Let’s just go to the charts!
1. Growth in capital expenditures has turned negative.
Bloomberg, Business Insider
2. Small Business Optimism remains below recent highs and well below long-term trends.
3. Export growth is on the verge of going negative.
4. Even exports to China are about to go negative.
5. That’s causing layoffs at US industrials.
6. Corporate hiring plans are deteriorating significantly, according to a Morgan Stanley survey.
CEOs Run Out of Costs To Cut And US Domestic Demand Is In Decline As Customers Are Increasingly Wary About Spending!!
From Reuters: The list of companies’ reasons for weak performance has expanded, with some citing a decline in demand in the United States...
“Once we start to see earnings miss – when expectations have been pushed down and they still miss – that is when you’ll see the market start to fall apart,” Springer said.
CNBC: A compounding lack of confidence in the future has kept American companies from investing in their businesses and is leading the country back into recession, real estate mogul Sam Zell told CNBC.
Sam ZellThe CEO of Equity Group Investments, which holds multiple publicly traded companies primarily in the real estate space, said a lack of leadership in Washington is keeping the $2 trillion or so of cash on company balance sheets on the sidelines.
That’s happening even as the Federal Reserve continues pumping liquidity, which Zell said is being used only to prop up the stock market.
“Nobody wants to make commitments beyond tomorrow,” Zell said during a”Squawk Box” interview. “One of these (recession) triggers is when enterprise projects start getting delayed. We’re heading for a recession and that’s exactly what you’re looking at now. You’re looking at capital expenditures across the board being deferred for a reason: There’s no confidence.”
“Based on the fiscal cliff and all of the headwinds, the stock market should be at 9,000 and not 14,000,” Zell said.
Nevertheless, a combination of Fed stimulus and widespread business uncertainty has investors chasing a limited number of stocks, thus sending the Dow higher than where it should be.
“We are beginning to see the excess flow of capital; we’re seeing too much capital chasing too few opportunities,” Zell noted. “We’re creating artificial numbers.”
The sovereign credit rating of the U.S. will be cut as “fiscal theater” plays out in the world’s biggest economy, according to Pacific Investment Management Co., which runs the world’s largest bond fund.
“The U.S. will get downgraded, it’s a question of when,”Scott Mather, Pimco’s head of global portfolio management, said today in Wellington. “It depends on what the end of the year looks like, but it could be fairly soon after that.”
The Congressional Budget Office has warned the U.S. economy will fall into recession if $600 billion of government spending cuts and tax increases take place at the start of 2013. Financial markets are complacent about whether the White House and Congress will reach agreement on deferring the so-called fiscal drag on the economy until later next year, Mather said.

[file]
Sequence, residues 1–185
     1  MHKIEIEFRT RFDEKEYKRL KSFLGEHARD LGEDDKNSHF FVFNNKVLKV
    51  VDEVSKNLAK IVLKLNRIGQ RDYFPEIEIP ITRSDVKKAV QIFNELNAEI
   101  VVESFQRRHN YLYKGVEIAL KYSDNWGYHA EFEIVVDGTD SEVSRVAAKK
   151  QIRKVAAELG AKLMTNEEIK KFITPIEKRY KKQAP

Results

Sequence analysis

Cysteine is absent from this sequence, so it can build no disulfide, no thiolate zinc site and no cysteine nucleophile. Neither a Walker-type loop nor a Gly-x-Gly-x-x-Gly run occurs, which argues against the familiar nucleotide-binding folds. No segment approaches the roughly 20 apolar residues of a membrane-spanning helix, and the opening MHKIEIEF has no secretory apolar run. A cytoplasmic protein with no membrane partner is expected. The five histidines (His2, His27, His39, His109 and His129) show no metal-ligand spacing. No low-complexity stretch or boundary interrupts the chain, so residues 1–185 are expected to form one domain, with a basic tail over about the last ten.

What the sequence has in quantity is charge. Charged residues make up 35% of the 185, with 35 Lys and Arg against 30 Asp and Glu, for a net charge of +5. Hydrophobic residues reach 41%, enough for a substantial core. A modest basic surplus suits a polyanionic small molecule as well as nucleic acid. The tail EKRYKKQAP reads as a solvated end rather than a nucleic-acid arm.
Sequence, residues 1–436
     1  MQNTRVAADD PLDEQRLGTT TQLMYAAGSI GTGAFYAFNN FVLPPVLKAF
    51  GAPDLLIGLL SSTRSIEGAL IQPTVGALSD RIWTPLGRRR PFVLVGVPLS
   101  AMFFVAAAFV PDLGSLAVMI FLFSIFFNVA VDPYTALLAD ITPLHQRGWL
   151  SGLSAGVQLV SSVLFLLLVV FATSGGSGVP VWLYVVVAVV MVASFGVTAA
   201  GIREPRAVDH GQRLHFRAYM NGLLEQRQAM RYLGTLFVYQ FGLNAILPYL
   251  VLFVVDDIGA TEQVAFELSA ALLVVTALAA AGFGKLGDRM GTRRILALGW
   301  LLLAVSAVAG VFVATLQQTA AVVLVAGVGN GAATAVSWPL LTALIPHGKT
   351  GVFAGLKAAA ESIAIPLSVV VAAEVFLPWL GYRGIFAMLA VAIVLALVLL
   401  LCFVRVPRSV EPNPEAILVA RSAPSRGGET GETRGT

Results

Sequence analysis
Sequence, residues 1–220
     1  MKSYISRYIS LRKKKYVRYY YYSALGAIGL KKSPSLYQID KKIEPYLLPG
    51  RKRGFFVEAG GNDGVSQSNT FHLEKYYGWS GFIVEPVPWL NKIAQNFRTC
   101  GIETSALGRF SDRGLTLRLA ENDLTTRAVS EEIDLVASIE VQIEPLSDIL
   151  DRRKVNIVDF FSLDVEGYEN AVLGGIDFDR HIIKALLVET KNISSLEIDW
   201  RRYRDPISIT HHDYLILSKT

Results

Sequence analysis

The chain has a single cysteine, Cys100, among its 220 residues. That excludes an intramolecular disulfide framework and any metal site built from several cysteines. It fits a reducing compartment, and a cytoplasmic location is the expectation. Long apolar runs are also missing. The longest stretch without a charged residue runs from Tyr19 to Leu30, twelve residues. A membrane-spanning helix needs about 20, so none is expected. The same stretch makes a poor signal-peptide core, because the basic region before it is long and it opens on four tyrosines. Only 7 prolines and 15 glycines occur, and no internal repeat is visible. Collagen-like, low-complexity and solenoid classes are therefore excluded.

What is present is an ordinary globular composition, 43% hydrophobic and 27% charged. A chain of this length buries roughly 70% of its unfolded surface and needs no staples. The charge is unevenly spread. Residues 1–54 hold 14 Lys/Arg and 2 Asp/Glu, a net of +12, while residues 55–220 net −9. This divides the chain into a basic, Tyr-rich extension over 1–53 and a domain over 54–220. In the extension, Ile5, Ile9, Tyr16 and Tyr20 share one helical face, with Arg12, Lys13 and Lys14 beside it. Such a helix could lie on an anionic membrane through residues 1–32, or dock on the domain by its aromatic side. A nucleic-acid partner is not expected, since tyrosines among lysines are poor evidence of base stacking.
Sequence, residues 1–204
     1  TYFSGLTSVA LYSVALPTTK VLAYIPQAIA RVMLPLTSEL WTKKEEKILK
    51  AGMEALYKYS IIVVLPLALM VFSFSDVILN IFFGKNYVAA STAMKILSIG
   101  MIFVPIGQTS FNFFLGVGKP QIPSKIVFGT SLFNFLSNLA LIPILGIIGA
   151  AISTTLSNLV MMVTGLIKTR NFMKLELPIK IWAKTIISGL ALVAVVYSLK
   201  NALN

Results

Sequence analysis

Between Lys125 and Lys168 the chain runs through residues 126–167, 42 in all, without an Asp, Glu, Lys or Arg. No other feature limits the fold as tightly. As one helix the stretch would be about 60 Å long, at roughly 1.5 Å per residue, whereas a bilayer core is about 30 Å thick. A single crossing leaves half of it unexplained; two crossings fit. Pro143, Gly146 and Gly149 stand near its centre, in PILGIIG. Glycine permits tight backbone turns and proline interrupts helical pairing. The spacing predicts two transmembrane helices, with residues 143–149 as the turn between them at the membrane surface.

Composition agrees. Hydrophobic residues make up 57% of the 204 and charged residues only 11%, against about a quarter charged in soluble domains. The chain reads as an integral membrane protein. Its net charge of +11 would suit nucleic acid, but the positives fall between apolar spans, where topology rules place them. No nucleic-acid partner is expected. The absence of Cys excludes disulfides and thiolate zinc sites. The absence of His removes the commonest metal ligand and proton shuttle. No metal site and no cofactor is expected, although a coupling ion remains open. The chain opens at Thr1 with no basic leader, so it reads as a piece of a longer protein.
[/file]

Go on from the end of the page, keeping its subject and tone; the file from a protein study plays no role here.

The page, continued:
In a “base case” of President Barack Obama being re- elected and Congress becoming more Republican, there is a high likelihood an agreement “doesn’t happen in a nice way, and we have disruption in the marketplace,” he said.
Policy makers probably will agree on cutbacks that would lower economic growth by about 1.5 percentage points next year, Mather said. They may roil markets by discussing scenarios that would lead to a 4.5 percentage-point fiscal drag, he said.
Pessimism rose to its highest level since last June as optimism fell for the fourth consecutive week in the latest AAII Sentiment Survey.
Bullish sentiment, expectations that stock prices will rise over the next six months, declined 1.9 percentage points to 28.7%. This is the lowest level of optimism registered by the survey since July 26, 2012. It is also the eighth consecutive week and the 28th out of the last 29 weeks that bullish sentiment is below its historical average of 39%.
Neutral sentiment, expectations that stock prices will stay essentially unchanged over the next six months, fell 3.8 percentage points to 26.8%. This ties June 7, 2012, for the lowest reading of 2012. The historical average is 31%.
Bearish sentiment, expectations that stock prices will fall over the next six months, jumped up 5.7 percentage points to 44.5%. This is the highest pessimism has been since June 7, 2012. It is also the eighth consecutive week and the 24th out of the last 28 weeks that bearish sentiment has been above its historical average of 30%.
Earlier: Negative sentiment is adding up.
Google is down over 8% as it reported earnings early and surprised to the downside…
- *GOOGLE 3Q REV. EX TAC $11.33B, EST. $11.83B :GOOG US
- *GOOGLE 3Q ADJ. EPS $9.03, EST. $10.65 :GOOG US